Friday, May 29, 2009

How Many People Will Come to Your Funeral?

Top 5 Ways to Lead an Enriching Life in Business

I lost an amazing friend this past week - someone who inspired thousands of people in his work, personal life and through a very full existence. He managed to pack, in a mere 38 years, at least 300 years of living. This weekend, I will attend his wake & memorial service with friends & family...and there are expected to be HUNDREDS of people there to celebrate this special life (and I say "celebrate," because it is not a time of mourning - JG would have wanted us to throw a party instead!)

I fought with this blog submission all week - how do you write about this? It came to me pretty easily, because I have been so very touched by HOW MANY people have reached out via Facebook, email, CaringBridge and alumni sites to express their emotion. How could one person be like a brother to hundreds and hundreds? Easy. He just subscribed to the theory that everyone was family & treated them as such, every day...and reaped the rewards of having so many unique experiences with so many amazing people.

So in his honor and spirit, and subscribing this to many people would attend your funeral if you died? It's not a popularity contest - it's about how many people you've touched along the way. Here are the top 5 tips to "give back" to others. I'm going to start living them myself!

1) Give back to someone, every day. Relationships, friendships, marriage & family are all work (we like to forget that...since they are "there" all the time, we don't necessarily need to invest in them like we do our work life). Well, we do, every day - and we need to invest the most. By connecting and reconnecting with the people closest to us, we continue cultivating rewarding and fulfilling experiences....thus making the full 24 hours of your day more eventful. It wil make you feel better, even if you're having a bad day, to do something for someone else.

2) Find your inner "six degrees of separation". Go to Facebook, LinkedIn, Twitter or your alumni websites and find old friends. Don't be afraid that "they won't remember you" or "he didn't like me in high school," you'd be surprised how willing & open people are to just connect with their past. In the journey, you'll be rewarded with new friends, old friends and "friends of friends" who can share stories about the bigger picture. Your network will grow in more ways than just work!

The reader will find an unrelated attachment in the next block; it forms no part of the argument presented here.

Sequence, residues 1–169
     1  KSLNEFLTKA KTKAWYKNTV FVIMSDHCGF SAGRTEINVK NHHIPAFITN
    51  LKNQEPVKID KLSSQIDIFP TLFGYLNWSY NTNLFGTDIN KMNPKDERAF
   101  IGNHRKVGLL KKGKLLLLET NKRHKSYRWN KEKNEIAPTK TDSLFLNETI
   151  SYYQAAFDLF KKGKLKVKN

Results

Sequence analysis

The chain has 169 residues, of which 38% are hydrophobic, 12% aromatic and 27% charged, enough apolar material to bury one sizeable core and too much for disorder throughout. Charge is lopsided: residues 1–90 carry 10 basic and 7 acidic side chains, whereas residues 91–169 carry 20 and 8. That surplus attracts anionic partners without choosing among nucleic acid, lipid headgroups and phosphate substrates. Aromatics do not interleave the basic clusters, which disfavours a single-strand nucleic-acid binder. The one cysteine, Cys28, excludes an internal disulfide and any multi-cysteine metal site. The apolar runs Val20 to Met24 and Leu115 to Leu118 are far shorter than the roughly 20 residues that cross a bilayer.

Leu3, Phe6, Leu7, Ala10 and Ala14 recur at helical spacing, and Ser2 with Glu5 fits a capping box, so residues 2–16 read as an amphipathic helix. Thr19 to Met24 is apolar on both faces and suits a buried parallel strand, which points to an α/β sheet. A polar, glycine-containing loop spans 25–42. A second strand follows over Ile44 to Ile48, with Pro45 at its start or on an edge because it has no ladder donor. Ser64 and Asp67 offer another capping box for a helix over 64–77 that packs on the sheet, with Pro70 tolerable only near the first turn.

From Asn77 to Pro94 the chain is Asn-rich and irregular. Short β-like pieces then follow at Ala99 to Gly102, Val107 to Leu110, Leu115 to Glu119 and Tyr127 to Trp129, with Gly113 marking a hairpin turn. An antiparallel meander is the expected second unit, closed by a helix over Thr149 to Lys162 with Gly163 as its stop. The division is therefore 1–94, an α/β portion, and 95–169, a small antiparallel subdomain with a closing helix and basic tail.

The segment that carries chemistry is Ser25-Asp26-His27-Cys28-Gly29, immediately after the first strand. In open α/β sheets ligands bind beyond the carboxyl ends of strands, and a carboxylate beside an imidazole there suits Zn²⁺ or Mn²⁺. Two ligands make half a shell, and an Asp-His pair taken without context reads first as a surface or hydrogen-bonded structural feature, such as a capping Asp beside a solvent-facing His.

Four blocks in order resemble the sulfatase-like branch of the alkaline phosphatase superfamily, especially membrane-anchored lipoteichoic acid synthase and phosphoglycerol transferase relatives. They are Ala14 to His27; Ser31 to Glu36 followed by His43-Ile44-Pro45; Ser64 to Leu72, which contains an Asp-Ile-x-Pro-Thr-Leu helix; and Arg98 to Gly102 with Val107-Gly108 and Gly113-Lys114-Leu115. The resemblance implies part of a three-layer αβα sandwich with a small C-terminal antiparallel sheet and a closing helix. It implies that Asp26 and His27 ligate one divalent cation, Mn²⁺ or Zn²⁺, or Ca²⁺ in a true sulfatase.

3) Subscribe to the Laundry Theory. A dear friend taught me this one who gives to people all the time...this means, you don't ever look over your shoulder when giving and providing to and for others, you just do it and in time it all comes out in the laundry. If it doesn't, then that person probably doesn't subscribe or understand the meaning of your gift. So give, and give often.

4) Don't sweat the small stuff. When you have tiffs here and there, it's easy to internalize them, dwell about them and want to hold a grudge. Why would we? We're given a finite amount of time on this earth, and every second we spend angry at others is a selfish moment that we can't get back. Lose the attitude and the ego - when things "don't go your way," accept the difference and shrug it off!

5) Tim McGraw sang it best..."Live Like You Were Dying." He's right - if you give it your all, all of the time no matter what you're doing (personal life, work life, spiritual life), you will open yourself up to so many experiences and journeys. Don't wish time away if you're having a bad day - tomorrow you'll wake up after losing 24 hours, and still feel the same. Make it a great day, every day!

So the next time someone says to you, "Let's go to that one-armed arm wrestling contest that's here for one day only!" Instead of laughing it off, take them up on it - because if it will enrich your life; give you quality time with others whom you love; give you a story you can't beat; or just plain give you multiple belly was worth it.

If you'd like to find out more about the person who inspired this post, Major Jason E. George, here are a few links:

To be inspired on Facebook via his Memorial Page:

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